All we wanted for Christmas in 1995

Swap you my slammer for that Beanie Baby?

The third in our series – check out 1985 and 2005.

It’s 1995. Take That are still together, no one’s heard of the Spice Girls, and technology gets a shiny makeover with the appearance of eBay, the launch of Windows 95, and the announcement of a futuristic digital storage format called DVD. Toy Story (the first ever wholly computer generated film), Casper, and Jumanji have captured our imaginations and Michael Jackson’s ‘Earth Song’ has taken the coveted Christmas number one spot. Here what we wanted for Christmas this year.


image via Wikicommons

Crazes in the 90s were the IRL equivalent of today’s internet memes. They don’t really make any sense and no one’s sure where they came from, but the world and his brother are in on it. Never was this truer than for Pogs, small plastic and metal discs brandishing images of everything from cartoon characters and football players to milk company logos and car branding. Everyone wanted a set until schools starting banning them.

Beanie Babies

image via Flickr © FrankieLeon

Beanie Babies emerged as a popular collectible in 1995, and come Christmas that year they were on the wish-lists of kids around the world. If you’ve still got yours stashed away somewhere, it’s worth digging them out – they could be worth a few bob nowadays.

Dream Phone

image via fanpop

‘He’ll eat almost anything – except sweets!’ Dream Phone was for many girls their first foray into romance, without the real-life accompanying stress of bad skin, greasy hair and adolescent awkwardness. You knew it was just a game, but how disappointed were you when your BFF found out James liked her first?


image via wikicommons

This was a big year for gaming, with Sony releasing the first ever PlayStation console across Europe and the fantasies of young boys marked forever by the appearance of a very angular and pointy-boobed Lara Croft not long after. Gamers nowadays will still remember the rush you’d get when the game loaded properly the first time around.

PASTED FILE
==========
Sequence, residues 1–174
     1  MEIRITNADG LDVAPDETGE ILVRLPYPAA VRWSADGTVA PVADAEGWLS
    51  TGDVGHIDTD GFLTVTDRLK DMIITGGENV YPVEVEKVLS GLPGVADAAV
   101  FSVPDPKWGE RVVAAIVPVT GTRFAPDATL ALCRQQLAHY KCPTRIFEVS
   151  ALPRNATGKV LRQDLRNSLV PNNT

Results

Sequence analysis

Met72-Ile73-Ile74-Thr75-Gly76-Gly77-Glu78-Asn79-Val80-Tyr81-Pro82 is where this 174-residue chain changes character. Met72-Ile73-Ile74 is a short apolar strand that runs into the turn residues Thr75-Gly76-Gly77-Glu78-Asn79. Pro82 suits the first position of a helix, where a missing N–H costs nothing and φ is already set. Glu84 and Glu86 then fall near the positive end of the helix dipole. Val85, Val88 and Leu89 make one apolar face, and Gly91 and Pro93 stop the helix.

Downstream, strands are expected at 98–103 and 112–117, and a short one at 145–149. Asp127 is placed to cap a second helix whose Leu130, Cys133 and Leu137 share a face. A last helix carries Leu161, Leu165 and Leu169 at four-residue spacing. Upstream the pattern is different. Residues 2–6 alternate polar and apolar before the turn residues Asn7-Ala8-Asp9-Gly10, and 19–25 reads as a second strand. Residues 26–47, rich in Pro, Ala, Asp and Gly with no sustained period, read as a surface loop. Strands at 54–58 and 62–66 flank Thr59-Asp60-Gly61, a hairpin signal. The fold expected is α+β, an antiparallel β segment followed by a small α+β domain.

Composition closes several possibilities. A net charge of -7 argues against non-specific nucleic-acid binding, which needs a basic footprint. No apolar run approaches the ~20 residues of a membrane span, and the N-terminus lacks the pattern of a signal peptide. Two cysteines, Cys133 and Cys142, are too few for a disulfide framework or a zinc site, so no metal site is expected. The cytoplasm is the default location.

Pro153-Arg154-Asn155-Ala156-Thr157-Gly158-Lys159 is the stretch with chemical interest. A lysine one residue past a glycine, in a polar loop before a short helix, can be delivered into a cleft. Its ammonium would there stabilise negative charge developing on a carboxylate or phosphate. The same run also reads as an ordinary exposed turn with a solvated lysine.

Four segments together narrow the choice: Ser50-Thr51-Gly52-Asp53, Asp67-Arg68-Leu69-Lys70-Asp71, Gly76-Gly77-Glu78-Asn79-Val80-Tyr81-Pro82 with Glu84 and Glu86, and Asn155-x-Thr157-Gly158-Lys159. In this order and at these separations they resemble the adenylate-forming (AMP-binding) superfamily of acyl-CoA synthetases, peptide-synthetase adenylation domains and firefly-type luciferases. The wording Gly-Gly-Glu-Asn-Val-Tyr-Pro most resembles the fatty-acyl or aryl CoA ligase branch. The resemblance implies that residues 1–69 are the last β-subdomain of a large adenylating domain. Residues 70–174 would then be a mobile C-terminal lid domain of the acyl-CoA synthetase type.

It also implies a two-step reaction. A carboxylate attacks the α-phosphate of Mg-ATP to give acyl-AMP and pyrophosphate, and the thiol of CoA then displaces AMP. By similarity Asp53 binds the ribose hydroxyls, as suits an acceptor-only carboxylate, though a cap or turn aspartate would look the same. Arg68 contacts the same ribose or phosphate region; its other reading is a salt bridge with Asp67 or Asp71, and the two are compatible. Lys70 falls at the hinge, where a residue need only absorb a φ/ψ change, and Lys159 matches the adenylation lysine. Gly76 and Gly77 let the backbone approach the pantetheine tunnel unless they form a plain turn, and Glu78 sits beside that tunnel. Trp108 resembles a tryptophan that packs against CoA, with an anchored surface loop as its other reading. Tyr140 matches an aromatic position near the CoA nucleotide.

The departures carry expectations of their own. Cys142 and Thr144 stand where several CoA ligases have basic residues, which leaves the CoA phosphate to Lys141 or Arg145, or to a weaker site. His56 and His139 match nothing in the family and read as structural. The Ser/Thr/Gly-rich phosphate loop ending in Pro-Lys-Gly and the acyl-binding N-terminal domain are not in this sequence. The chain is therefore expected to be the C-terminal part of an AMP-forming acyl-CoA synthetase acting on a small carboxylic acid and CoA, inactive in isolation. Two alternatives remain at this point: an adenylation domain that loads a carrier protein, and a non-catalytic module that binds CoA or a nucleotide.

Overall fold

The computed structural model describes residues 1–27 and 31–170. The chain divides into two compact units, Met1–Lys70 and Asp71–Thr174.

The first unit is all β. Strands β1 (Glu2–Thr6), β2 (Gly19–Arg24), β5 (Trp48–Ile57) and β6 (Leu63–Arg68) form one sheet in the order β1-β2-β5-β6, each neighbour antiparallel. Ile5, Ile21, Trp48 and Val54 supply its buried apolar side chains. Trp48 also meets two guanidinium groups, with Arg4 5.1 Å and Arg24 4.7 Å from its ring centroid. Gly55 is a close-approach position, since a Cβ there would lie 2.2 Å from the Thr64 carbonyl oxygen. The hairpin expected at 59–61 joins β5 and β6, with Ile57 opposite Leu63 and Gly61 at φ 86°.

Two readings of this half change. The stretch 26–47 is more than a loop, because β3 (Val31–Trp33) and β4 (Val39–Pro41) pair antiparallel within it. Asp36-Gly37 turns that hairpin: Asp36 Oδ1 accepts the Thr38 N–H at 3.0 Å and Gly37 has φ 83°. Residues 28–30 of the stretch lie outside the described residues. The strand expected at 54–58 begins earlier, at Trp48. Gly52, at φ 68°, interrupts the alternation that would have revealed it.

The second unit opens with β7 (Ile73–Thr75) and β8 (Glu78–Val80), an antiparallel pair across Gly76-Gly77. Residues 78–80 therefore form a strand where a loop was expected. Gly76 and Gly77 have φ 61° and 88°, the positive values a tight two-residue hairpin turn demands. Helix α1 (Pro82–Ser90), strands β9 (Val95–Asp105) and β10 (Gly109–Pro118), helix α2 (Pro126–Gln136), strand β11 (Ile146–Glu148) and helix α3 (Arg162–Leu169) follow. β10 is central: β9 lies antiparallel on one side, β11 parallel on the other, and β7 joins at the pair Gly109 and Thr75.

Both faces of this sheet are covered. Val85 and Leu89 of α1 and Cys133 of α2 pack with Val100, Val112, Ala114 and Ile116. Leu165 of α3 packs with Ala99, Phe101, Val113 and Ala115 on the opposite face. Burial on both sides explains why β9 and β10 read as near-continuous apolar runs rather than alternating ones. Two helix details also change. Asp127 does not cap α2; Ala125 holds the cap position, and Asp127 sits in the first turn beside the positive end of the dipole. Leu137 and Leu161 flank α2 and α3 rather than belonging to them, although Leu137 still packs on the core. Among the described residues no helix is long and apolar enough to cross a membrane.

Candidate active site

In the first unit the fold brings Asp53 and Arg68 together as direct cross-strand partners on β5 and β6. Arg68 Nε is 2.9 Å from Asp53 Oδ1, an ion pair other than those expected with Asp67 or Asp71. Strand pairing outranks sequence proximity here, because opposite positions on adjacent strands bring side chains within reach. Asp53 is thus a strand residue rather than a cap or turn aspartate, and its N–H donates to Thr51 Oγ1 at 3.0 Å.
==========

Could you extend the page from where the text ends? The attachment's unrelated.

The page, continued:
Make-up doll heads

image via pinterest

From Disney princesses to Barbie dolls, it seemed that no end of iconic fictional female characters were immortalised in 3D head form to await clumsy makeovers and ill-advised – and irrevocable –haircuts.

Polly Pockets

image via Flickr © dodo W

Polly Pocket was first designed in 1983, but really hit her stride in 1995 when her pocket-sized wonderlands became a huge hit worldwide. Everything from pet shops and beauty salons to ice rinks and seasides were intricately hidden within these little plastic compacts. Hands up if you lost tiny Polly within nanoseconds of opening one up.

Pink Lego

image © Lego

Ah, the seminal pink Lego: ‘Look! Girls can do building too!’ This year manufacturers churned out a series of beach houses and horse stables in pretty pastel colours, seemingly unaware that we’d been playing with the regular Lego for years already. Nonetheless, we still wanted the new stuff, but mainly because it was new.

Wooden labyrinth game

image via Amazon

There was probably one of these baffling and infuriating puzzles in every games cupboard in the UK, thanks largely to the ‘educational’ nature of this toy (Agility! Logic! Etc!). The kids on the advert made it look way more exciting than it actually was, but to be fair to the makers the game has endured and is not only still in production but is also a popular smartphone app.

Lava lamp

image via wiki commons

They got too hot, the ‘lava’ went weird and gloopy and they used a staggering amount of electricity, but lava lamps were still a must-have item for every style-conscious teen this year. Yeah, mood lighting!

Oasis’ Wonderwall

Mid-90s Britpop was in full swing by now, and while the likes of Blur, Elastica, The Levellers and Pulp enjoyed their heyday, it was Oasis who ruled the roost, releasing the now utterly iconic Wonderwall. A copy of this next to your HiFi – maybe even in CD format! – guaranteed major cool cred.

Enjoyed this? Check out all we wanted for Christmas in 1985 and 2005.